Batman originally debuted as a stand-alone character fighting the forces of evil. Then, Robin was introduced as a side-kick and junior-counter to Batman to appeal to a youngger audience. From 1947 on Robin has associated his own fan base and his popularity sparked his reappearance as the independent superhero, Nightwing. What is it about Robin that appeals to fans? And, why did Batman the series need such a supporting character?
Batman is a lonely and solid figure, even despite the later presence of Alfred Pennyworth. Earlier in the comics, before the emergence of Robin, Batman had only had himself to talk to. Scenes typically depicted Batman thinking rather than talking out loud, which provided a fairly bland script. Batman needed a companion who would offset his dark broodiness and provide the readers with a bit of lightheartedness. Consequently, the partnering of Batman with Robin the Boy Wonder has been one of the most successful match-ups in comic book history.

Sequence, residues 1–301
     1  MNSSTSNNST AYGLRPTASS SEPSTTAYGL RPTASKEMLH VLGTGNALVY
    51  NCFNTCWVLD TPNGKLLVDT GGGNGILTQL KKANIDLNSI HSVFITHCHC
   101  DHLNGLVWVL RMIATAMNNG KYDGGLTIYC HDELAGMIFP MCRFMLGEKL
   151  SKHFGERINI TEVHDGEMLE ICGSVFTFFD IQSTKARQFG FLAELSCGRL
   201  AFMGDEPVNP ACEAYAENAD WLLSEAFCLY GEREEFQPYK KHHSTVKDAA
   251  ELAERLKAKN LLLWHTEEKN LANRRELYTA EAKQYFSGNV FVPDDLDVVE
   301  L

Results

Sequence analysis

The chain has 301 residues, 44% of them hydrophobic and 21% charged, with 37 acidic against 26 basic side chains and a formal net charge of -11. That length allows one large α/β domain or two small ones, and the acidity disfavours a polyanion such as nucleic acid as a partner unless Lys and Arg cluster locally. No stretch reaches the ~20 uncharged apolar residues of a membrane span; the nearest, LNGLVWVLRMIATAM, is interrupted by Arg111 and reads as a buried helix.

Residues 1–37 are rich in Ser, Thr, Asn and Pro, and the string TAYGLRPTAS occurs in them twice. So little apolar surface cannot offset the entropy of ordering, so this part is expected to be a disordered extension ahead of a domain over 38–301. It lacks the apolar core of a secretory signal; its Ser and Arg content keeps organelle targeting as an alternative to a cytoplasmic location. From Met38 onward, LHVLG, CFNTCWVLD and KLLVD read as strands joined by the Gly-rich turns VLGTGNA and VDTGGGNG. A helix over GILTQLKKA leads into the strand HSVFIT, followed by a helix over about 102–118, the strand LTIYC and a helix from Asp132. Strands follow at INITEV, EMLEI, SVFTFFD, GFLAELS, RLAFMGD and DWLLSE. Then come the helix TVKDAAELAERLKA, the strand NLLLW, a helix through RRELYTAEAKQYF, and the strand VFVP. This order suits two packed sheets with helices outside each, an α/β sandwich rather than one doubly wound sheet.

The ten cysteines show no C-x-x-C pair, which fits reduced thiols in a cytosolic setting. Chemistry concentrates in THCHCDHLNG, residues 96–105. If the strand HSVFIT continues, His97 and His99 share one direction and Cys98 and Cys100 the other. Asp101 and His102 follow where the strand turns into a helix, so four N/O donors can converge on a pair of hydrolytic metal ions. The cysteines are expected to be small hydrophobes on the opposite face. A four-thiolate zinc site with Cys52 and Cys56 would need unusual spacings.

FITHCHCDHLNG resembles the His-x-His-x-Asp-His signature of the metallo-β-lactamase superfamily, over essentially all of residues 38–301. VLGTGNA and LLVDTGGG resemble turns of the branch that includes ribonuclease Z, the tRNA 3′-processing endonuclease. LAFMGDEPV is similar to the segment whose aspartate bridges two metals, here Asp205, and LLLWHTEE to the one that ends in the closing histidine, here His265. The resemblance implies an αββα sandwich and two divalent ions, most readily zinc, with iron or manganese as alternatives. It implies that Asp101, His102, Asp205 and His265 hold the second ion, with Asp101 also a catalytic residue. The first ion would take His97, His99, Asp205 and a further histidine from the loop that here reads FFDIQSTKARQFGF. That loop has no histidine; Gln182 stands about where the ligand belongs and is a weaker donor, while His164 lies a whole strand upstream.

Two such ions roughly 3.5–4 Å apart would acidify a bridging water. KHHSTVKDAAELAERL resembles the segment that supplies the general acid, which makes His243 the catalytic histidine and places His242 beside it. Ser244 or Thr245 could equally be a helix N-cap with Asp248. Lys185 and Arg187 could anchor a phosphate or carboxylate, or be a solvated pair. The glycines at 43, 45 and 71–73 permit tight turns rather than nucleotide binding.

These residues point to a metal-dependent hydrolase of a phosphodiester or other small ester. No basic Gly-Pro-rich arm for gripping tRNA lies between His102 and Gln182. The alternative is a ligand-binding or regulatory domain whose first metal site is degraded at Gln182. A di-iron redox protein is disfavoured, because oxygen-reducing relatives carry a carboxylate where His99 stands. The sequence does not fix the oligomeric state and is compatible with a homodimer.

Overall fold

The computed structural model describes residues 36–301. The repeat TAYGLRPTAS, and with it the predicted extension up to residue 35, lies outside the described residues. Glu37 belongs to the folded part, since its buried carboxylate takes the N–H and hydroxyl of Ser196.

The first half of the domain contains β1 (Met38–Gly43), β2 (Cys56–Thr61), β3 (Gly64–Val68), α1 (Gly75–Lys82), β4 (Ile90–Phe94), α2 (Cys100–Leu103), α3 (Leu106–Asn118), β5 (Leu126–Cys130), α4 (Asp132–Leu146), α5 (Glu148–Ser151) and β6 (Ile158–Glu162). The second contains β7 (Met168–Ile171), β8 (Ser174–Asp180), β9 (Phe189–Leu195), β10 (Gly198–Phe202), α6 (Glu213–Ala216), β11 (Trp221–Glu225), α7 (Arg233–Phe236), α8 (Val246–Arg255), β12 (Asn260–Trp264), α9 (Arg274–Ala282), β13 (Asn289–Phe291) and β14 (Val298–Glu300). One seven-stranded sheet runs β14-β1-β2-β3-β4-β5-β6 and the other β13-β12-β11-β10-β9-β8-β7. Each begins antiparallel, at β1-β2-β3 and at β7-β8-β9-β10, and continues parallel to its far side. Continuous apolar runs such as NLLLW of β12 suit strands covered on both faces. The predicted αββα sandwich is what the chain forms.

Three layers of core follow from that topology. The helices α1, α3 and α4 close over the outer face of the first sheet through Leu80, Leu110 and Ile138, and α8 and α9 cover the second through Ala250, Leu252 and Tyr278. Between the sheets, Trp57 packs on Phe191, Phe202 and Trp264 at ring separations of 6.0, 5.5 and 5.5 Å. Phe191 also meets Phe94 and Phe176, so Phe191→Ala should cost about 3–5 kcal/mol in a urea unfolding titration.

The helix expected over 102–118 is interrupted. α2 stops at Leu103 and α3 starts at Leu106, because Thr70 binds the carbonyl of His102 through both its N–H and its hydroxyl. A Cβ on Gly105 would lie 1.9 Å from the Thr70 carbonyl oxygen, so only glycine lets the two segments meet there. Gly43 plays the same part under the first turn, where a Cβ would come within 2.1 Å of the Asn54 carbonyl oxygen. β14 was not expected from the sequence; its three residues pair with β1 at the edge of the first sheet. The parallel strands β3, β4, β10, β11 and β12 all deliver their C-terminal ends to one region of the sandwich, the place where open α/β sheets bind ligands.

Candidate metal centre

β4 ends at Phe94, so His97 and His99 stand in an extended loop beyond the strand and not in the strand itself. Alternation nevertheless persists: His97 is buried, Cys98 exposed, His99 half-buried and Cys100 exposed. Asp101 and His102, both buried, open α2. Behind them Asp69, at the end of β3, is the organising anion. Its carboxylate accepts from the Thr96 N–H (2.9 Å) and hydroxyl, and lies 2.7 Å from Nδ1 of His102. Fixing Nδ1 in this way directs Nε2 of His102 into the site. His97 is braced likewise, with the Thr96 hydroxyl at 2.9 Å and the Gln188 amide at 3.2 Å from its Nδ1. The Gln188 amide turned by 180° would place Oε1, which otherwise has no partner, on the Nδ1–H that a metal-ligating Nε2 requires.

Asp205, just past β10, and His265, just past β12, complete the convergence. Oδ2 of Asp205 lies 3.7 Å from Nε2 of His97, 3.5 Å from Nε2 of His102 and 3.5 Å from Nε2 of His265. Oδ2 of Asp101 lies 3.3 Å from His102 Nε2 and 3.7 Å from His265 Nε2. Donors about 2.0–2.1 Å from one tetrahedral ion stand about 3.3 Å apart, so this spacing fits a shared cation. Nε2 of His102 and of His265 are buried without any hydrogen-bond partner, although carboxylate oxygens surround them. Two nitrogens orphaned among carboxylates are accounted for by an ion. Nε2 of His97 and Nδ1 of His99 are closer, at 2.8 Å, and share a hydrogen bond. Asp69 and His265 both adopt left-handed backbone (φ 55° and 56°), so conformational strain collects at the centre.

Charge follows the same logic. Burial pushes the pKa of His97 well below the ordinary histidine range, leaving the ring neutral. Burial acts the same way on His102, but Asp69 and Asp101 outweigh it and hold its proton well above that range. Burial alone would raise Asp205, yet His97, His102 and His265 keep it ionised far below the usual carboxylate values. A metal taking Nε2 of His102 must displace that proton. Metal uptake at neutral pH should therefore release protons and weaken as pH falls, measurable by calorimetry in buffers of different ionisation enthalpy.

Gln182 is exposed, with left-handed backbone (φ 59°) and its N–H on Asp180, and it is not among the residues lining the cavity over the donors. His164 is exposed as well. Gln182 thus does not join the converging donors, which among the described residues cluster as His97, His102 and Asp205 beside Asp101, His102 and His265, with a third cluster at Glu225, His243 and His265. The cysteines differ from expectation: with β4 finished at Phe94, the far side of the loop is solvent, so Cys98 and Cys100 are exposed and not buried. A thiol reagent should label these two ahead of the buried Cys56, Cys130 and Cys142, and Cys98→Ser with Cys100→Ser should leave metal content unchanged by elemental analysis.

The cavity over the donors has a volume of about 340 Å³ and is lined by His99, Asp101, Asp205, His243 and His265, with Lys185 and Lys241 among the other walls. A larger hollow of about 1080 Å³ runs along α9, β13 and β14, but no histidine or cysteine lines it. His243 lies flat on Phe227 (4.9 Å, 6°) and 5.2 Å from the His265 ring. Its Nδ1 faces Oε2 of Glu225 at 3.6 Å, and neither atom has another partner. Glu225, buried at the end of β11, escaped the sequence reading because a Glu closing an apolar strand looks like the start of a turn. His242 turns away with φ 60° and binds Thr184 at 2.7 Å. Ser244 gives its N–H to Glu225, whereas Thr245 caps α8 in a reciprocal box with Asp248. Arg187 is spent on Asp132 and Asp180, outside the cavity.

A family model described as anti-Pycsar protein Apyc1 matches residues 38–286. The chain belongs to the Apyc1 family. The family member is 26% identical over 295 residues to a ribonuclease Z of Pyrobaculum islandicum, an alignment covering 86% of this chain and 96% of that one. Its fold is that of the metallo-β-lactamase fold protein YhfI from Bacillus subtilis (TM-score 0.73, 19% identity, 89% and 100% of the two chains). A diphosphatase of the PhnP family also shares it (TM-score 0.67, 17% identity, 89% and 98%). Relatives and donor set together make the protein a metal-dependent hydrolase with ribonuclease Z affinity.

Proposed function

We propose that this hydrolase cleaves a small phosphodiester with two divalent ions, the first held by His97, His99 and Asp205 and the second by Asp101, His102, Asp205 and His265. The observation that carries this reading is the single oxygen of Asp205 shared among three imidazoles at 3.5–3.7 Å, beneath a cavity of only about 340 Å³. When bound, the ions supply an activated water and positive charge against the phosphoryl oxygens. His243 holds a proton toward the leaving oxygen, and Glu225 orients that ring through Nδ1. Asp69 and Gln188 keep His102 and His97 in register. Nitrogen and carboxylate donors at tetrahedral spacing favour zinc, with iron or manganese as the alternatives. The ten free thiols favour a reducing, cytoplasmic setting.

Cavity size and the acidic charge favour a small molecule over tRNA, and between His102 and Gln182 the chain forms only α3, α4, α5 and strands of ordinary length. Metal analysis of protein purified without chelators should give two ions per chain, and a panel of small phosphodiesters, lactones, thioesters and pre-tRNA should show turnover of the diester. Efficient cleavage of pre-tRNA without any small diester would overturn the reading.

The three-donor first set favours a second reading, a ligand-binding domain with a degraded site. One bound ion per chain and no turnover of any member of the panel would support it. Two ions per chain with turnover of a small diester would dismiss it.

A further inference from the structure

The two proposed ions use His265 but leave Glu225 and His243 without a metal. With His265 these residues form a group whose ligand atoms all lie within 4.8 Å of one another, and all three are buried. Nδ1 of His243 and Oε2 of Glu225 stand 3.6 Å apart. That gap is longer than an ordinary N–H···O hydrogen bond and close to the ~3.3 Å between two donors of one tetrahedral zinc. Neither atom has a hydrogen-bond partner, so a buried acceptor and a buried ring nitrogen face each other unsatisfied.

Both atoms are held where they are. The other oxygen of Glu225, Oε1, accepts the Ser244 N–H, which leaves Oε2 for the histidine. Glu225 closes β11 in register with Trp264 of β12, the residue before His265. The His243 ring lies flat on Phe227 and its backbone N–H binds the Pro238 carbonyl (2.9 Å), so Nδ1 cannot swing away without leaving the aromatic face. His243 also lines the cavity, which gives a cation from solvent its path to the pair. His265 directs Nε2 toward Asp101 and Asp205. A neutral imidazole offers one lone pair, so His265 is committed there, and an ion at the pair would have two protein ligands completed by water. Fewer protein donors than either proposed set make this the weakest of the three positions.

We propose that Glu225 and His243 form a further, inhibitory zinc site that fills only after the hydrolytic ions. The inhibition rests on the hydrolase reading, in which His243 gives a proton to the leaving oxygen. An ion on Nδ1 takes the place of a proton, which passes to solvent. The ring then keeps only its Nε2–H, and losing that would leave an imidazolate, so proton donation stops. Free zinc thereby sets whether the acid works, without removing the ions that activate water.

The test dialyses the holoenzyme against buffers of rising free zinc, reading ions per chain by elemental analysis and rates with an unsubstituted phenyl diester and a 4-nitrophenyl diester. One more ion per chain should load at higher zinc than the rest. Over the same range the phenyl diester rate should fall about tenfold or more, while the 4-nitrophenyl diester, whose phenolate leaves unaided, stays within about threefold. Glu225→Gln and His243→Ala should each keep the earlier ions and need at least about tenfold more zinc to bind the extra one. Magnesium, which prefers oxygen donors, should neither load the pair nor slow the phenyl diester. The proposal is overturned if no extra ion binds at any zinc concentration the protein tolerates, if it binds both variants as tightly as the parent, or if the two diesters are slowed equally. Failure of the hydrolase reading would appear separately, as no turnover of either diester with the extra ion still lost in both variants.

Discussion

The character of Robin is a constantly evolving one. Readers are able to observe his transformation from an orphan to a superhero. Fans can identify with Robin's “normalcy” over other superheroes that have outrageous supernatural powers. Robin's success is that he's the opposite of a static character. Robin has evolved from being Batman's sidekick to leading the Teen Titans, to eventually becoming the protector of Gotham's neighboring city. After the death of Batman in Batman RIP and Final Crisis, readers could breathe a sigh of relief due to Dick Grayson taking up his mentor's identity as the new Batman. Overall, Robin is a character that delivers on personality and likability. He has pure staying power as attestable by the fact that he's now over sixty years old … and counting.